Robert Bolton, courtesy of Financial Review, 15 June 2018, where the title is “Why the ANU vice-chancellor Brian Schmidt rejected the Ramsay Centre’s millions” … with highlighting being the imposition of The Editor, Thuppahi
At Tuesday’s meeting of Sydney University’s academic board vice-chancellor Michael Spence took the unusual step of requesting that a discussion about the Ramsay Centre for Western Civilisation be cut from the minutes. According to the student newspaper Honi Soit Dr Spence explained to those in the room, “there are some cultural warriors on the Ramsay Centre Board”.
It’s not just the Ramsay Centre that harbours outspoken warriors. On the same day Sydney University’s Dr Nicholas Riemer wrote in Sydney Review of Books that in an article for Quadrant magazine chief executive of the Ramsay Centre, Dr Simon Haines showed “a clear example of the racism in which … ‘the characteristics of the dominant are not seen as specific characteristics but as the … normal way of being’.”
Welcome to the world of PhDs.
Given what happened at the Australian National University, it’s clear that Sydney University’s Dr Spence faces a decision in which there is no good option.
On Thursday May 24, ANU was close to accepting the multimillion-dollar, philanthropically funded degree in Western Civilisation when Ramsay Centre board member and former prime minister Tony Abbott published an article in Quadrant about the proposed degree. Most people latched on to his comment that the centre was “about Western civilisation but in favour of it”.
But what got up the nose of ANU vice-chancellor, and Nobel laureate, Brian Schmidt was Mr Abbott’s line, “a management committee including the Ramsay CEO and also its academic director will make staffing and curriculum decisions”. The next day Dr Schmidt told staff, in case there was any doubt the ANU had a core set of principles, “These include retaining, without compromise, our academic integrity, autonomy and freedom.”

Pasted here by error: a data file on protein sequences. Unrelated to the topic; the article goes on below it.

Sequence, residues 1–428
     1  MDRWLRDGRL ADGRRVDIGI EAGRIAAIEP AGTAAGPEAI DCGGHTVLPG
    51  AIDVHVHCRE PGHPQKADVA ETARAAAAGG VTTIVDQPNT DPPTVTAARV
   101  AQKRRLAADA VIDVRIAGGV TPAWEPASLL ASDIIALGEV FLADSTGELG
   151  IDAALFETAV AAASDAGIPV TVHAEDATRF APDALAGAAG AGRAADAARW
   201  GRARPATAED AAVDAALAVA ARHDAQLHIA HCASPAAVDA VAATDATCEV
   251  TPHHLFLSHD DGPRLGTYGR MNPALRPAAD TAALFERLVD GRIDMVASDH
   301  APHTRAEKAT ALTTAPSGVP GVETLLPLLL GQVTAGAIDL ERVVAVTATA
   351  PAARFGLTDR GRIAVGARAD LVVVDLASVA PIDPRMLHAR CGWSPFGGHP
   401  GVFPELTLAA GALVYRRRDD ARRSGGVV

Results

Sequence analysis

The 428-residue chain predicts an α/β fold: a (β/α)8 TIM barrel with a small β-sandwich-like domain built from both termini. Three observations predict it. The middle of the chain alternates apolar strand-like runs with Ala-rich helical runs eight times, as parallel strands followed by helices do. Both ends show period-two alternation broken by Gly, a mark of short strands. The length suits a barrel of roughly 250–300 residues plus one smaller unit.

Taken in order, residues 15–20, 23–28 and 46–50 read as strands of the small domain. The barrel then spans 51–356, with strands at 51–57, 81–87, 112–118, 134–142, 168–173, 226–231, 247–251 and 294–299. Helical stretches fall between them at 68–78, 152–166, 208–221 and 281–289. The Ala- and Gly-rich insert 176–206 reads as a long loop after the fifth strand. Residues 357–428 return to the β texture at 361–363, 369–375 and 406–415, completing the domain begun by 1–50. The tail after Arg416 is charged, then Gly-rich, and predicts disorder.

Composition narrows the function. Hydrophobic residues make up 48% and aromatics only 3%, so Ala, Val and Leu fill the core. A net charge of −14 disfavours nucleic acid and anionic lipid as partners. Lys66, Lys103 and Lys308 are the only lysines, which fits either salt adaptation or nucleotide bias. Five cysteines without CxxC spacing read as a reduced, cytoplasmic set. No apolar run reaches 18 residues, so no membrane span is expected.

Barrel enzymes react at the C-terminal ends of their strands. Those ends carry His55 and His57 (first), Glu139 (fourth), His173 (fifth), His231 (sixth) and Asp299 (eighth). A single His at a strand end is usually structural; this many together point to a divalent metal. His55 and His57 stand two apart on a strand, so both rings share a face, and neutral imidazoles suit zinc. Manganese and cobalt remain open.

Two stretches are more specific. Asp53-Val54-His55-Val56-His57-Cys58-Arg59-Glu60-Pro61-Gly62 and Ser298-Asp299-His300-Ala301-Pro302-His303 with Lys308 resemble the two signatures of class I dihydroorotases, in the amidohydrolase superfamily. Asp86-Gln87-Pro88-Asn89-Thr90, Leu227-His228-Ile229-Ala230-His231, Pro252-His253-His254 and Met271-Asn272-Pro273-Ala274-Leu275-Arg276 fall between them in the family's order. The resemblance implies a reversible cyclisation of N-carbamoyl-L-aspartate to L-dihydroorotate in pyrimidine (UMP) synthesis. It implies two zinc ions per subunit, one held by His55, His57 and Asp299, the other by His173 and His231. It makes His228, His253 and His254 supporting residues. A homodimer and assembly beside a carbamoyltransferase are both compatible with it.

Tension remains extreme
Dr Schmidt had been coming under extreme personal pressure from staff in the ANU’s College of Arts and Social Sciences not to accept the “tainted” offer. He continued to defend his position until Wednesday, May 30, when he phoned the Ramsay Centre chair and former prime minister John Howard.
Dr Schmidt asked Mr Howard if he could give the centre some distance from the comments by Mr Abbott. Mr Howard, in loyalty to his fellow board member, said he could not. In the words of a person familiar with the matter although probably not the words of the ex-PM, Mr Howard told Dr Schmidt he would have to “suck it up”.
Two days late, on June 1, Friday, Dr Schmidt sent his abrupt letter withdrawing from negotiations.
ANU now says the matter is finished and history. But the tension remains extreme. It’s said that a high-level resignation is threatened in the ANU Chancelry building – home of the uni’s administrators. Not all staff were opposed to the degree, initially.
Professor of history in the College of Arts and Sciences, Frank Bongiorno, told AFR Weekend he had supported the proposal but the “strident and ill-informed attacks” on the university suggested an “unbridgeable difference” between ANU and the “ideological ambitions of some of those spruiking” the program. This is a pity as there was much of value in it and the ANU was probably the Ramsay Centre’s best chance of getting a good degree up in a leading Australian university. The loss is primarily the students’,” he said.
Chancellor of the ANU and former foreign minister, Gareth Evans, told AFR Weekendthe university’s decision was not founded on hostility to a “well crafted” course in Western Civilisation.
“Great universities are fiercely defensive of their autonomy, and alarm bells properly ring when potential donors refuse, for example, to accept ‘academic freedom’ as a shared objective, as was the case here,” he said.
In his Quadrant article Mr Abbott revealed the centre and the degree course had been his idea, which he had persuaded billionaire philanthropist Paul Ramsay to adopt. With so many personal loyalties and principles at stake it is hard to see an easy resolution.